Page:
Friday, November 2, 2012

Will New Laws Prevent Future Meningitis Outbreaks?

Legislators Should Examine FDA before Creating New Laws

Today an article from the Wall Street Journal reports that Rep Edward J. Markey (D., Mass) and Rep Rosa De Lauro (D., Conn) plan to introduce a bills that would “give the FDA clearer authority to regulate large pharmacies that mix customize drugs like the one tied to a deadly meningitis outbreak”.

But legislators may be on the wrong track. Prior to the outbreak, the FDA had sufficient jurisdiction to inspect NECC, the compounding pharmacy who manufactured in bulk, injectable medicines that caused the meningitis outbreak.

Mutahar Shamsi, the District Director for the New England FDA Office of Regulatory Affairs, during an October 2012 press conference, however, was quoted as stating that an inspection occurred on October 1st, 2012, only after the outbreak. No other inspectional information on NECC has been released by the FDA depite the fact that this company was on the FDA's inspection list. The big question is why did the FDA fail to perform at least minimal oversight of NECC where they had jurisdiction to do so?

The lack of oversight of NECC by the FDA raises questions to the possibility of either incompetence or conflicts of interests within FDA leadership in the New England Boston district. Conflicts of interests can  undermine enforcement of laws since FDA regulators can pick and choose whom they inspect or regulate.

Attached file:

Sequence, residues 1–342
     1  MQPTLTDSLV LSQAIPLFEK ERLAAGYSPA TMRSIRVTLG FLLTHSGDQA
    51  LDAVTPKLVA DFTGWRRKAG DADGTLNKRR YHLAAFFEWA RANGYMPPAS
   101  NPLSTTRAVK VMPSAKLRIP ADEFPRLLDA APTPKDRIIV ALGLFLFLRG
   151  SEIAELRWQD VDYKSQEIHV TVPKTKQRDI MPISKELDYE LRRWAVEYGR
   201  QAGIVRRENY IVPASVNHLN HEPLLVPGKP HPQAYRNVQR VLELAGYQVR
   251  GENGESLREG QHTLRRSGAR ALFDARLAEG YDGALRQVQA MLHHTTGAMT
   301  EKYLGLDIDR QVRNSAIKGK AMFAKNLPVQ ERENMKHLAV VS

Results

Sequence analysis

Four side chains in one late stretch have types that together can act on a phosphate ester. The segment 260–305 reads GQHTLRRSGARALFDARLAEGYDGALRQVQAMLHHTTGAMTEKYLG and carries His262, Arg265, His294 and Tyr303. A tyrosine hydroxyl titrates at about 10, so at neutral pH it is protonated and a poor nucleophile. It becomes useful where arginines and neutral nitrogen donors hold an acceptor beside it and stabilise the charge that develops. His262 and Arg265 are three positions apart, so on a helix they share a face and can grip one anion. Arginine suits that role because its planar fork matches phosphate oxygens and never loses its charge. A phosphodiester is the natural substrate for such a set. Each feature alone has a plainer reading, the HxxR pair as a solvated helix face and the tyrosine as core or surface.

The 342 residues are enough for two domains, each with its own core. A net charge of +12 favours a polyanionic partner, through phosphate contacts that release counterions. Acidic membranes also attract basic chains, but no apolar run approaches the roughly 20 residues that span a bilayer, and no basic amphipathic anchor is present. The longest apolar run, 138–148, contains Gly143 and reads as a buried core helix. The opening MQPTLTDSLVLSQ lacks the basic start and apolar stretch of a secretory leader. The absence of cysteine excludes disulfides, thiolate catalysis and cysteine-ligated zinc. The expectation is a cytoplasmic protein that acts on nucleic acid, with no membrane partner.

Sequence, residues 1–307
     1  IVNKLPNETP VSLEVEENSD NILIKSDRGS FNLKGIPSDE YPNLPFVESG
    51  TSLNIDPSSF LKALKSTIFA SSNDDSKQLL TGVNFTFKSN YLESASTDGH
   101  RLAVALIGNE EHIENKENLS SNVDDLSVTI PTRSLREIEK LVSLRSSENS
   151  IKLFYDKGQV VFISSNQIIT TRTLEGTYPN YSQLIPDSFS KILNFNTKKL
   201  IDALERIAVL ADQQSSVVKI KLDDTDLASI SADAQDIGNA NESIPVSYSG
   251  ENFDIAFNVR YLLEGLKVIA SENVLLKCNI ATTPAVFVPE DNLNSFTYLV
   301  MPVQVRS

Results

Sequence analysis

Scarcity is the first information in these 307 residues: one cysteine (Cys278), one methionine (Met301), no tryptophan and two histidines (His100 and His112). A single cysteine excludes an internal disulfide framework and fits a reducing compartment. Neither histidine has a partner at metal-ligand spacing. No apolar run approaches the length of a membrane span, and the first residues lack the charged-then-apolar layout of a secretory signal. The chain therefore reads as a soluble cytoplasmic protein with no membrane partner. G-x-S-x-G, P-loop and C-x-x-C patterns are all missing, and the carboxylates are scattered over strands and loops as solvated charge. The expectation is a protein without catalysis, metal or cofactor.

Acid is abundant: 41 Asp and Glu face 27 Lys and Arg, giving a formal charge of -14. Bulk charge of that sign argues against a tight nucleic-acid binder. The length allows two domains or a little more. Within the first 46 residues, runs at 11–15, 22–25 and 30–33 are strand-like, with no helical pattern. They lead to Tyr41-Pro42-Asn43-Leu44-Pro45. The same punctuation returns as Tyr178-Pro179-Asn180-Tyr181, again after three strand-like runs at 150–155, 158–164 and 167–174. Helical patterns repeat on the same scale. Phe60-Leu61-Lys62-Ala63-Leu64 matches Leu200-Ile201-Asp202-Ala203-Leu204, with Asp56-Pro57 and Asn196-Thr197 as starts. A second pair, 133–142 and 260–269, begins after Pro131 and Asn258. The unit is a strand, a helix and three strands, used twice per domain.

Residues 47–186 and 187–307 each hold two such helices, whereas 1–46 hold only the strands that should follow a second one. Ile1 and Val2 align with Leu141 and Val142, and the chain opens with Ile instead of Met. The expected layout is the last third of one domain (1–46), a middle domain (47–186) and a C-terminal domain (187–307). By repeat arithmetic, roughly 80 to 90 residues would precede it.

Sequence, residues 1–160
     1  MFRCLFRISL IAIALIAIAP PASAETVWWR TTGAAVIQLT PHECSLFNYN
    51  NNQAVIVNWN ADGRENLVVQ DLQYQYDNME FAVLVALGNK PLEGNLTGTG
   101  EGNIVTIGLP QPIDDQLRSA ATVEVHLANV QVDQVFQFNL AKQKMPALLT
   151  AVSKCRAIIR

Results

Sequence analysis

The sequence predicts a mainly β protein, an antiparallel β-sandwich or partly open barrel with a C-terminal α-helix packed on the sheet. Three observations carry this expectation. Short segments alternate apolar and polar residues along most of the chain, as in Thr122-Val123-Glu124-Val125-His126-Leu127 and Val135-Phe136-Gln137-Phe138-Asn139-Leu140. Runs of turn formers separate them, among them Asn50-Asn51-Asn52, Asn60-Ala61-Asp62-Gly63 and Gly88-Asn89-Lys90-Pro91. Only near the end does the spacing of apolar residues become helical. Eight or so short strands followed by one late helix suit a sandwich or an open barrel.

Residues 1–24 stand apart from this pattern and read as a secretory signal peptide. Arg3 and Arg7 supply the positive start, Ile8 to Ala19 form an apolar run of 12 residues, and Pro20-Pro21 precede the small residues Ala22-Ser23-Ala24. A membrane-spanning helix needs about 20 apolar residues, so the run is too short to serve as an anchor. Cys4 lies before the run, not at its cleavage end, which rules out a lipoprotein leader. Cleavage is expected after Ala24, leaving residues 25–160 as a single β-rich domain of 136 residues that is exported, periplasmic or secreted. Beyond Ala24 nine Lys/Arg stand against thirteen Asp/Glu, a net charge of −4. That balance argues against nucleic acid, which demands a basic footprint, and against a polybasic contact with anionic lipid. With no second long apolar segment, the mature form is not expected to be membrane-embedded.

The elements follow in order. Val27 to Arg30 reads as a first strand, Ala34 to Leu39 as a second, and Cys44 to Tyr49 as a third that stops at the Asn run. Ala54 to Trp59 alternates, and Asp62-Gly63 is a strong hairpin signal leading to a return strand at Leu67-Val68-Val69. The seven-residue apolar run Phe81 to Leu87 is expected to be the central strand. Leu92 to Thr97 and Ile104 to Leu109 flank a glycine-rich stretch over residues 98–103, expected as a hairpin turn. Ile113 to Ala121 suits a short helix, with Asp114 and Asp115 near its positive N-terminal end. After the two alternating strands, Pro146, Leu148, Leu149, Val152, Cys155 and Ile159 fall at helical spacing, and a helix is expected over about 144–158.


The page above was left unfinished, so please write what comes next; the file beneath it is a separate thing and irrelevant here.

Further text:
Excuses to a lack of jurisdiction or lack of resources are often made to cover up inadequacies, unethical standards or poor leadership within government agencies. 

Making new laws will not protect the public when regulators act in capricious ways to favor industry and are not held accountable to uphold current law.The New England Boston District FDA office needs to be thoroughly examined regarding their prior oversight of NECC or their lack there of. The public should have transparency as to the real reason why the FDA did not properly inspect NECC prior to the meningitis outbreak that caused 28 deaths, when in fact, they had jurisdiction to do so, and when in fact, NECC had a history of prior complaints.

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